The proverb “If you chase two rabbits, you will not catch either one” teaches us about the power of focus. Doing two things at once divides our attention and spreads our cognitive resources thin, making it difficult to fully focus on and process the information we are supposed to be listening to. 

There is a relationship between listening and working memory. Working memory is located in the most modern part of the brain and is where the brain processes human communication and listening. 

In the book “How To Listen,” we are introduced to Stephen Van Der Stigchel, a psychologist and global expert on attention and how to effectively focus it. He explains that working memory is fragile, finite, and easily overwhelmed. That’s why when we externalize our thoughts by writing them down or saying them aloud, we create space in our working memory. 

“To effectively listen, rather than just hear, you need to comprehend, remember, and contribute to the conversation. Therefore, you will be using the majority of your working memory. To effectively use your working memory, you need to bring your available attention into focus and minimize distractions, including electronic devices.” 

Three Ways to be a Better Listener 

Tune Up to Tune In: Our mindset sets the tone. Trimboli suggests that no matter how strongly you intend to bring your attention and focus to a conversation, listening begins before you even enter the discussion. He compares it to an orchestra taking a few minutes to tune before a performance. Tuning is a sign of discipline, self-respect, and mutual respect. It’s the space where we can recalibrate, breathe, write down thoughts for later, anticipate and minimize distractions.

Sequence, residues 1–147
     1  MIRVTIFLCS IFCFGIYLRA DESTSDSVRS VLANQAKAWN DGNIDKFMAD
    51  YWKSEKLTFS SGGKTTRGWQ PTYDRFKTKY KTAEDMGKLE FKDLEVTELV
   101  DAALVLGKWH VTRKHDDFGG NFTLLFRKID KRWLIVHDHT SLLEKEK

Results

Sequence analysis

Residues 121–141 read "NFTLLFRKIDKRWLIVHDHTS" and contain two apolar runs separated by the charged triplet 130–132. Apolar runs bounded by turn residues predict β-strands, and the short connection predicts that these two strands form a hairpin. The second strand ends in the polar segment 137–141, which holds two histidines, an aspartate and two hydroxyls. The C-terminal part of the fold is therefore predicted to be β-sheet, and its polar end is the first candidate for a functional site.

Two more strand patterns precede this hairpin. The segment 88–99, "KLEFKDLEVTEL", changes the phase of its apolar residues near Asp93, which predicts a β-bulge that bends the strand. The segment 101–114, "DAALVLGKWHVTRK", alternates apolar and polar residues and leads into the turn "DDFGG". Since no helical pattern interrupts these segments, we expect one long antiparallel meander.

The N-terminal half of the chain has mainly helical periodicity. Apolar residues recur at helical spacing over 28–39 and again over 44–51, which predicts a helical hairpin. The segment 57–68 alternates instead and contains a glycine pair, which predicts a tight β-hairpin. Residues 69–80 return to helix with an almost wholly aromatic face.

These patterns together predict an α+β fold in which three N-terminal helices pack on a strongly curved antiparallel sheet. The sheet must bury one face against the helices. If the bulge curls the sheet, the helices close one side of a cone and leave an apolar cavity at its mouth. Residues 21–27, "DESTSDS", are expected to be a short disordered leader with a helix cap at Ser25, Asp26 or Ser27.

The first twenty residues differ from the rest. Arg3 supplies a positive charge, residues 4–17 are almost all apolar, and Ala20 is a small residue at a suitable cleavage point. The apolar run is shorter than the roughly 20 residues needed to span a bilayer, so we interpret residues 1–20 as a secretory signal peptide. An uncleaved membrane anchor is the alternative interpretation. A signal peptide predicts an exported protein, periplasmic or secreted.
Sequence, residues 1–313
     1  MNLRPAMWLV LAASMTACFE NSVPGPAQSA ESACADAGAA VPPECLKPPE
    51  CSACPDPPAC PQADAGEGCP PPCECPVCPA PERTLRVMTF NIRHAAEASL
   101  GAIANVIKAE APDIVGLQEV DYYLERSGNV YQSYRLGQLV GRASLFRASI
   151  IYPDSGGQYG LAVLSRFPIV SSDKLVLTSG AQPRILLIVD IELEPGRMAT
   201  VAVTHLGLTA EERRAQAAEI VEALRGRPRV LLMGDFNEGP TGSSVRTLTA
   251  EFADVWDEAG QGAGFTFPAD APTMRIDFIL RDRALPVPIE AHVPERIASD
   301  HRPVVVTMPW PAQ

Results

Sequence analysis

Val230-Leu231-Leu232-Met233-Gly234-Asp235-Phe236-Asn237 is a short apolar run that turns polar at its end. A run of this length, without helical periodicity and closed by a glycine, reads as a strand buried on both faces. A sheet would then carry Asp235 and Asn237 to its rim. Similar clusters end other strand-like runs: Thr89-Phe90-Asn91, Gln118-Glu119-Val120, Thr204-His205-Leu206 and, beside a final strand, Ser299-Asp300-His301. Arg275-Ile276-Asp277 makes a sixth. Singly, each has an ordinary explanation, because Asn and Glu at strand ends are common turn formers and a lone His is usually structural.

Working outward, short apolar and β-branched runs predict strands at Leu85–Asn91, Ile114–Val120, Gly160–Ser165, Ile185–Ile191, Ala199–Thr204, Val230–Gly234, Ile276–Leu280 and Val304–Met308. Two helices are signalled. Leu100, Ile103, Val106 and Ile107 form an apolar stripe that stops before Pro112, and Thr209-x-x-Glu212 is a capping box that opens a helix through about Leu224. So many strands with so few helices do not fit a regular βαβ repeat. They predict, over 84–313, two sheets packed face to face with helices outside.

“Taking 3 minutes to prepare, paradoxically, will shorten discussions because you won’t be distracted by subconscious thoughts, feelings, or the need to interrupt, fix, or drift away. When you are ready to listen, it creates a space for you and the speaker.” 

Have no other place to be: Once tuned, we can enter spaces with the readiness to focus and give our undivided attention. Trimboli explains that it is our presence and the orientation of our attention as listeners that transform the quality of thinking in the room. “When speakers experience what your attention brings to the discussion, they notice it, mention it, and ultimately mirror it when they listen to you.” Being fully present is essential. Nothing says “you don’t matter” like a leader who is checking email while someone is speaking. For more tips on how to be present and show up with presence, you can read our blog on Leadership at a Distance, How to Be There When You’re Not There. 

Hold space and silence: For those who have participated in our learning sessions, you know that Colin and I are comfortable with holding silence. I must admit, getting to this point was not an easy journey for me, as I wrote about in The Power of Silence in Leadership. What’s Your Relationship with it. The value of silence is that it allows people to think, process, and respond. According to Nancy Kline, author of Time to Think, we live in an interrupting culture, and interrupting diminishes our thinking. As leaders, to elicit the best thinking from our people, we need to say less, ask more, and become comfortable with holding silence. 


One thing we know for sure is that time is undefeated. It is unstoppable. The best we can do is adapt and make the most of the 24 hours we have each day. A leader who can give their undivided attention when listening will reap huge benefits in their leadership and work relationships. 

What would change if you made more time for listening? 

How do others perceive your listening skills? 

What is one area of listening that you could improve if you focused on it?